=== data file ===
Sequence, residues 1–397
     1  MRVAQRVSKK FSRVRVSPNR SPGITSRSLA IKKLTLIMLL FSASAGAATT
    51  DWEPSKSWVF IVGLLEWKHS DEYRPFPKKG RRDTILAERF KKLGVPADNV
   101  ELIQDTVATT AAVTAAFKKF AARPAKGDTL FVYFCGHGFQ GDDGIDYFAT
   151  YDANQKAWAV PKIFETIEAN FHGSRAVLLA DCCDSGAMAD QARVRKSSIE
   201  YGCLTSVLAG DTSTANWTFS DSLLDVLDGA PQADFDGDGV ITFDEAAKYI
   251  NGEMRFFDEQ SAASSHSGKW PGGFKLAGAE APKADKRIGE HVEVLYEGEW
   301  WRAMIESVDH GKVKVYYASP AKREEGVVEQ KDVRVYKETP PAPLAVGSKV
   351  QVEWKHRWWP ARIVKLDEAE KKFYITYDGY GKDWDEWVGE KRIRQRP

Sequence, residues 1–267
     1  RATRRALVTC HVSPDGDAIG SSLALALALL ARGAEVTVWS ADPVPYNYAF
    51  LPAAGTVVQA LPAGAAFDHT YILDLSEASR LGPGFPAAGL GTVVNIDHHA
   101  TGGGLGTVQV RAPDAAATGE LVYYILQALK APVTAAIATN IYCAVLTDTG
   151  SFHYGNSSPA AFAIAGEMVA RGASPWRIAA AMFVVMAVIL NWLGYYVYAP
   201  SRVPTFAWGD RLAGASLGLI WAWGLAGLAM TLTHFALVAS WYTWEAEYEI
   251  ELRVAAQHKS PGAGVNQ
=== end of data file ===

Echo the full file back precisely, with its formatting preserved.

Sequence, residues 1–397
     1  MRVAQRVSKK FSRVRVSPNR SPGITSRSLA IKKLTLIMLL FSASAGAATT
    51  DWEPSKSWVF IVGLLEWKHS DEYRPFPKKG RRDTILAERF KKLGVPADNV
   101  ELIQDTVATT AAVTAAFKKF AARPAKGDTL FVYFCGHGFQ GDDGIDYFAT
   151  YDANQKAWAV PKIFETIEAN FHGSRAVLLA DCCDSGAMAD QARVRKSSIE
   201  YGCLTSVLAG DTSTANWTFS DSLLDVLDGA PQADFDGDGV ITFDEAAKYI
   251  NGEMRFFDEQ SAASSHSGKW PGGFKLAGAE APKADKRIGE HVEVLYEGEW
   301  WRAMIESVDH GKVKVYYASP AKREEGVVEQ KDVRVYKETP PAPLAVGSKV
   351  QVEWKHRWWP ARIVKLDEAE KKFYITYDGY GKDWDEWVGE KRIRQRP

Sequence, residues 1–267
     1  RATRRALVTC HVSPDGDAIG SSLALALALL ARGAEVTVWS ADPVPYNYAF
    51  LPAAGTVVQA LPAGAAFDHT YILDLSEASR LGPGFPAAGL GTVVNIDHHA
   101  TGGGLGTVQV RAPDAAATGE LVYYILQALK APVTAAIATN IYCAVLTDTG
   151  SFHYGNSSPA AFAIAGEMVA RGASPWRIAA AMFVVMAVIL NWLGYYVYAP
   201  SRVPTFAWGD RLAGASLGLI WAWGLAGLAM TLTHFALVAS WYTWEAEYEI
   251  ELRVAAQHKS PGAGVNQ